Christine McDade is a Human Resources professional (PHR & SHRM-CP) with over 20 years in the public sector.
Being the Newbie at Work
Being a new employee on the job is like that first day at the new school. The new employee walks into the workplace with high expectations about how great things will be in the job. All of the co-workers size up the new employee to figure out what they will bring to the workplace. The exchange of glances will bring some initial awkward nonverbal messages. Eventually, however, friendly introductions occur between the new employee and his/her new co-workers. As co-workers start to get to know the new employee, they will begin to find some shared interests and similarities in the new employee's work experience. Over time, co-workers will build camaraderie with the new employee as a trusting work relationship develops. When new employees feel welcomed and are given the tools to successfully transition into the new job, they are likely to have a rewarding experience with the new employer. This practice is commonly known as onboarding. However, when time and attention is not given to making the new employee feel like part of the team, chances are great that the employee will not stay, or will fail to meet the expectations of the job.
What is "Onboarding"?
Wikipedia defines onboarding as follows:
- Onboarding, also known as organizational socialization, refers to the mechanism through which new employees acquire the necessary knowledge, skills, and behaviors to become effective organizational members and insiders.
Employers have traditionally used new employee orientation as the time for formally introducing new employees to the "ins and outs" of the organization. This session is usually hosted by Human Resources to introduce key staff members, policy review and modified training on customer service, workplace harassment and safety. Some organizations hold orientation for a few hours and others may hold the orientation for a day or more. Depending on the organization, the amount of information disseminated to the new employee will vary.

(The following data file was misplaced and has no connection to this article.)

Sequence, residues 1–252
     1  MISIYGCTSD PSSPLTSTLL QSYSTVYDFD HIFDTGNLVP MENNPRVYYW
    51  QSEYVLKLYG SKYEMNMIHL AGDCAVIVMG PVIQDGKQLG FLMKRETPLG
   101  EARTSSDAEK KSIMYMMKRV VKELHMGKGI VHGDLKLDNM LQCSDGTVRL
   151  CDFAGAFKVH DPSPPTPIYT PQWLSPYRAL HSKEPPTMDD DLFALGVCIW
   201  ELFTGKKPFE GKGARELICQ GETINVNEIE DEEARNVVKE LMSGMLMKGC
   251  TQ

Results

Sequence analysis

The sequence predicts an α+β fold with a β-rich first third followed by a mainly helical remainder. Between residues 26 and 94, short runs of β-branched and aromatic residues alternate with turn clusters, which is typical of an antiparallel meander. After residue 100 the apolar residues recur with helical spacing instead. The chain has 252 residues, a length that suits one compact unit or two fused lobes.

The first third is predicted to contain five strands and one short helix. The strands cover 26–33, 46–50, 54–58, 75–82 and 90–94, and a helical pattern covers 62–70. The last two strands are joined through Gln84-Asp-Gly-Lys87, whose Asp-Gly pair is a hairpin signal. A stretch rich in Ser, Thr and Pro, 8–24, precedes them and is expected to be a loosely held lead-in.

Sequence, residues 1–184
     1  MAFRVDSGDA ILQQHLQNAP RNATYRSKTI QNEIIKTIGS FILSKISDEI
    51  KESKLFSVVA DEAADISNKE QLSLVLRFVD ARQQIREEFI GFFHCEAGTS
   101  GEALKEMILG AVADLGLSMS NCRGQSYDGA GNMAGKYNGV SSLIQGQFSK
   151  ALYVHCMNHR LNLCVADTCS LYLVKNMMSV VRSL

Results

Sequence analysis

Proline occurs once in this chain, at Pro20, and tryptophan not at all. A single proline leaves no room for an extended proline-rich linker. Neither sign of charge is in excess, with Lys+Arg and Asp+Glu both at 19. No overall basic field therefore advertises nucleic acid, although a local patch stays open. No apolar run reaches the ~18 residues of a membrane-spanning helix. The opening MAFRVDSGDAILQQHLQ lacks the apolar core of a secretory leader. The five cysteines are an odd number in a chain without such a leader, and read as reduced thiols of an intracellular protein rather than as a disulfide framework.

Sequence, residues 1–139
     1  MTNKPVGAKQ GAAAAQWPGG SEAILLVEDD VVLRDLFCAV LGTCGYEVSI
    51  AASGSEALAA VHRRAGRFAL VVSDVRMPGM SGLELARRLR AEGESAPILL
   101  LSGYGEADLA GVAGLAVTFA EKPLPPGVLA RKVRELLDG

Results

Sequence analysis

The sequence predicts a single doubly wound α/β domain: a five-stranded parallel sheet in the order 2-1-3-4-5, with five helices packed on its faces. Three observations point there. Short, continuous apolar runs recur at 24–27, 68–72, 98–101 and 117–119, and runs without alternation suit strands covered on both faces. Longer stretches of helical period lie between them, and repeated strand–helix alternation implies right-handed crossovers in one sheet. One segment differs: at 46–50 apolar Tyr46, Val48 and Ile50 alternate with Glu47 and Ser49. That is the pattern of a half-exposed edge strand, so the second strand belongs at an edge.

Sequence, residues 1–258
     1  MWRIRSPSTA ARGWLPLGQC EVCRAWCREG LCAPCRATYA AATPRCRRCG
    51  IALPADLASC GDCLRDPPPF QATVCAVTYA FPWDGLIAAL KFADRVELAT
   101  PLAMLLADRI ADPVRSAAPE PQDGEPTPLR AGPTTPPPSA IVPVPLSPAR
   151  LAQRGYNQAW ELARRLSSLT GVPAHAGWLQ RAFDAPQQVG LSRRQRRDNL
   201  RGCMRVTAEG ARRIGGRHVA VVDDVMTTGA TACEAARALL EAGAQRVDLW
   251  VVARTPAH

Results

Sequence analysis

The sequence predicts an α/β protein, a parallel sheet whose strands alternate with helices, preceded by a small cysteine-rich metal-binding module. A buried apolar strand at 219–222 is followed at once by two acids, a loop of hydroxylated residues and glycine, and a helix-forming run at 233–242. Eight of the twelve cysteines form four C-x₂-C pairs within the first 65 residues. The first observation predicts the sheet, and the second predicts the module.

Today, organizations recognize the link of the assimilation process with the success of the new employee in the organization. In addition, the investment that goes into recruiting and hiring a new employee is great. Therefore, employers want to make the most of their investment. Failing to use onboarding and orientation practices is bad business practice for an organization.
What Topics are Discussed for Assimilating New Employees
To familiarize new employees with the policies, organization structure and the jobs themselves, employers use structured orientations sessions. Human Resources works with managers to plan a session that will cover the important topics that new employees need to know to be successful at the workplace. The following topics are often presented to new employees during orientation:
- History of the organization - Employers introduce the history of the organization during orientation. New employees are interested in how the organization has evolved and grown since its founding.
- Organization structure and organization chart - New employees are often unfamiliar with the executive leadership and structure of their new employer. For example, it will be of interest to the employees to learn about the different departments and divisions that make up the organization.
- Policies and Procedures - Orientation is a good time to introduce policies in the employee handbook. Important policies like Workplace Harassment, Job Transfers, and Grievance should be discussed so that employees are aware of their rights.
- Safety - Orientation is also a good time for the company Safety Officer or Risk Manager to present their workplace safety policy. Since good safety practices affect every position in the organization, it is important for new employees know how to report injuries, workplace accidents, etc., to the appropriate staff.